US3518530A - Electrochemical process for studying and determining the nature of fluid-containing underground formations - Google Patents

Electrochemical process for studying and determining the nature of fluid-containing underground formations Download PDF

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US3518530A
US3518530A US587178A US3518530DA US3518530A US 3518530 A US3518530 A US 3518530A US 587178 A US587178 A US 587178A US 3518530D A US3518530D A US 3518530DA US 3518530 A US3518530 A US 3518530A
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Homer M Wilson
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Baker Petrolite LLC
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Petrolite Corp
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    • GPHYSICS
    • G01MEASURING; TESTING
    • G01VGEOPHYSICS; GRAVITATIONAL MEASUREMENTS; DETECTING MASSES OR OBJECTS; TAGS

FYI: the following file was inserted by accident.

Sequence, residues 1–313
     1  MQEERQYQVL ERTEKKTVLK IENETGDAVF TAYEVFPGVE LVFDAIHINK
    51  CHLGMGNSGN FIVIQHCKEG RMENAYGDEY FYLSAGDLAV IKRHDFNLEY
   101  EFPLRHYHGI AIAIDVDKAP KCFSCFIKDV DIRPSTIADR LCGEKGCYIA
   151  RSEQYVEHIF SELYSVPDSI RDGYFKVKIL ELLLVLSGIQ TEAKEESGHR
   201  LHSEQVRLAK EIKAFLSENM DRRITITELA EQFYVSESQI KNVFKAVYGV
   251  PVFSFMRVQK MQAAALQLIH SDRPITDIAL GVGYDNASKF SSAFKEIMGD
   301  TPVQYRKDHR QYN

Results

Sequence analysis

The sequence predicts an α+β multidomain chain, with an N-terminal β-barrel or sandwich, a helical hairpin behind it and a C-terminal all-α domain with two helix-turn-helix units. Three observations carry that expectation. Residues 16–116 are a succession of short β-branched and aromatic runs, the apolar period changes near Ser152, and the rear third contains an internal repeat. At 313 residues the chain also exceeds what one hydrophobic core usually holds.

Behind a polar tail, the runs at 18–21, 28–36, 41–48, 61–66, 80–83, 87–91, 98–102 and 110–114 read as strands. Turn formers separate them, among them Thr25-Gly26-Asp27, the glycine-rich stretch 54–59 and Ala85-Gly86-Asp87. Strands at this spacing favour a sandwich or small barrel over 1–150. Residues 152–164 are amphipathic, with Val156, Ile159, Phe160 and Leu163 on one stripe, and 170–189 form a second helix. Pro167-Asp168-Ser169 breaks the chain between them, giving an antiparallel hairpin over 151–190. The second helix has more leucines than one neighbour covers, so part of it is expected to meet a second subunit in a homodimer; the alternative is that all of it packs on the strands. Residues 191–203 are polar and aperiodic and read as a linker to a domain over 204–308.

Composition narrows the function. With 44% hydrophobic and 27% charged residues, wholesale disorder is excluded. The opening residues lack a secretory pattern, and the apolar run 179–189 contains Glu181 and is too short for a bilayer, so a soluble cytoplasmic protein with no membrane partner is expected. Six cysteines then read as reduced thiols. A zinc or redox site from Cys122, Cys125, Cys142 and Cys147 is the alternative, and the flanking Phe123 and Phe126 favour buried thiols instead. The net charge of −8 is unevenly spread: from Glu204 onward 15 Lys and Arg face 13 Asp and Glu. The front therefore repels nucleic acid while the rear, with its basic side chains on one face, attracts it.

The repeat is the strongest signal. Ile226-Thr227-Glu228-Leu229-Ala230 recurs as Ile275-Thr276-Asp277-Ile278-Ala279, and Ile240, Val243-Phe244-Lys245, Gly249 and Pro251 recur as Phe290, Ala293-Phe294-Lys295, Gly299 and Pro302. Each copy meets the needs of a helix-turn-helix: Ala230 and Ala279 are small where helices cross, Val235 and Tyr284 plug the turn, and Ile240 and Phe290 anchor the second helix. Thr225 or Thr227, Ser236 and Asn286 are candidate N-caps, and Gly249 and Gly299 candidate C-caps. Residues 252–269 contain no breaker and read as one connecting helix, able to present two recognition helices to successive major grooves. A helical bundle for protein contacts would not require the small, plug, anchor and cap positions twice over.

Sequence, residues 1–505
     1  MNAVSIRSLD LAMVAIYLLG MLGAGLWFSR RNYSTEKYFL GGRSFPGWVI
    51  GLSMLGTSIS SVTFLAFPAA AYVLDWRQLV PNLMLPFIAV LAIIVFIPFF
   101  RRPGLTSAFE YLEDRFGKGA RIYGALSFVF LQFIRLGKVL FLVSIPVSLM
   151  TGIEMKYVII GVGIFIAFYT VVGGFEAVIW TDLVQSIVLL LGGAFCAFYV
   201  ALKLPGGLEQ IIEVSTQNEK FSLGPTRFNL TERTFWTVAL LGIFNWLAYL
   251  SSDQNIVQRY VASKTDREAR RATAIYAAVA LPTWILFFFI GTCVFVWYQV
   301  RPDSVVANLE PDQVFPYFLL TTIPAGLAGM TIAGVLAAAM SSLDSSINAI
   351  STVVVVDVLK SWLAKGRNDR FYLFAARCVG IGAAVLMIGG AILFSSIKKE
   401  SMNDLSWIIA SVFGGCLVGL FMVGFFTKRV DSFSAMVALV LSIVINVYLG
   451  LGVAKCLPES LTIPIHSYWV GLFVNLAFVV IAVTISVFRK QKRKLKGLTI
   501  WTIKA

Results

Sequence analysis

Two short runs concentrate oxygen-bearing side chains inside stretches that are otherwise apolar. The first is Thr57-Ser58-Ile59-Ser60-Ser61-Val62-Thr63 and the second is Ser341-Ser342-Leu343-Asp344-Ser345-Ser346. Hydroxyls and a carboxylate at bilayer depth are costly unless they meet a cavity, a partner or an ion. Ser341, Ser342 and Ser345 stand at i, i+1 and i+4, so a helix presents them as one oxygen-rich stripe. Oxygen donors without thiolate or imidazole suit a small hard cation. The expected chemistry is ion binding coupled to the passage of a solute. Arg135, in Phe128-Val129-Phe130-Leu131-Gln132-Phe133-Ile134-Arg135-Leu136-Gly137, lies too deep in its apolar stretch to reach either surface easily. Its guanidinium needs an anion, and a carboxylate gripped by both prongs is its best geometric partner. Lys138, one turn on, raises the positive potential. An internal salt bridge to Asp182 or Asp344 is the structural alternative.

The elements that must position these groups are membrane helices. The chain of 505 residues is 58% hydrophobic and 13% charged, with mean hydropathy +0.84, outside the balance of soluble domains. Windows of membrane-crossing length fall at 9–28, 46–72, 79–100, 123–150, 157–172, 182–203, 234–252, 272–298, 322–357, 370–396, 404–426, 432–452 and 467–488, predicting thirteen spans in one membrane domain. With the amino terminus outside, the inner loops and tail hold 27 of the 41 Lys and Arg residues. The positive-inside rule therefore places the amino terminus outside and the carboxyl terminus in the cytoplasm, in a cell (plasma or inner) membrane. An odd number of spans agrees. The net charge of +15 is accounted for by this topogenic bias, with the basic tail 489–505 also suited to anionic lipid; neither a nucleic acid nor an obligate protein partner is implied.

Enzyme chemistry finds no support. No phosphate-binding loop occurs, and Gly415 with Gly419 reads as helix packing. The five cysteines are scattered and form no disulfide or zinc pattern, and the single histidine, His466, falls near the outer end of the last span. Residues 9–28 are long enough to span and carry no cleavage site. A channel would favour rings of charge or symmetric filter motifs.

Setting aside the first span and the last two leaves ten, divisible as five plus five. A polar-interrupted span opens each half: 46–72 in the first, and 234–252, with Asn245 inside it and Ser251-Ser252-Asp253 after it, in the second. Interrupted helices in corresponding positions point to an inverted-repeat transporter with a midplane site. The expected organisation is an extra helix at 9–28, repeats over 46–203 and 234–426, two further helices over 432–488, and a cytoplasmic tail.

• G01V3/00Electric or magnetic prospecting or detecting; Measuring magnetic field characteristics of the earth, e.g. declination, deviation
    • G01V3/18Electric or magnetic prospecting or detecting; Measuring magnetic field characteristics of the earth, e.g. declination, deviation specially adapted for well-logging
    • G01V3/26Electric or magnetic prospecting or detecting; Measuring magnetic field characteristics of the earth, e.g. declination, deviation specially adapted for well-logging operating with magnetic or electric fields produced or modified either by the surrounding earth formation or by the detecting device
    • G01V3/265Operating with fields produced by spontaneous potentials, e.g. electrochemicals or produced by telluric currents

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RECORDER INVENTOR HOMER M. WILSON POWER 5 UPPLY v RENEE GR 335189539 June 30, 1976 H. M. WILSON ELECTROCHEMICAL PROCESS FOR STUDYING AND DETERMINING THE NATURE OF FLUID-CONTAINING UNDERGROUND FORMATIONS Filed Oct. 17, 1966 INFORMATION RECEIVER CABLE IN FORMATION TRANSMITTER OWNHOLE ELECTRONICS PROBE ELECTRODES D. Q Afi a h I 3:5 Iw is: 1:55: i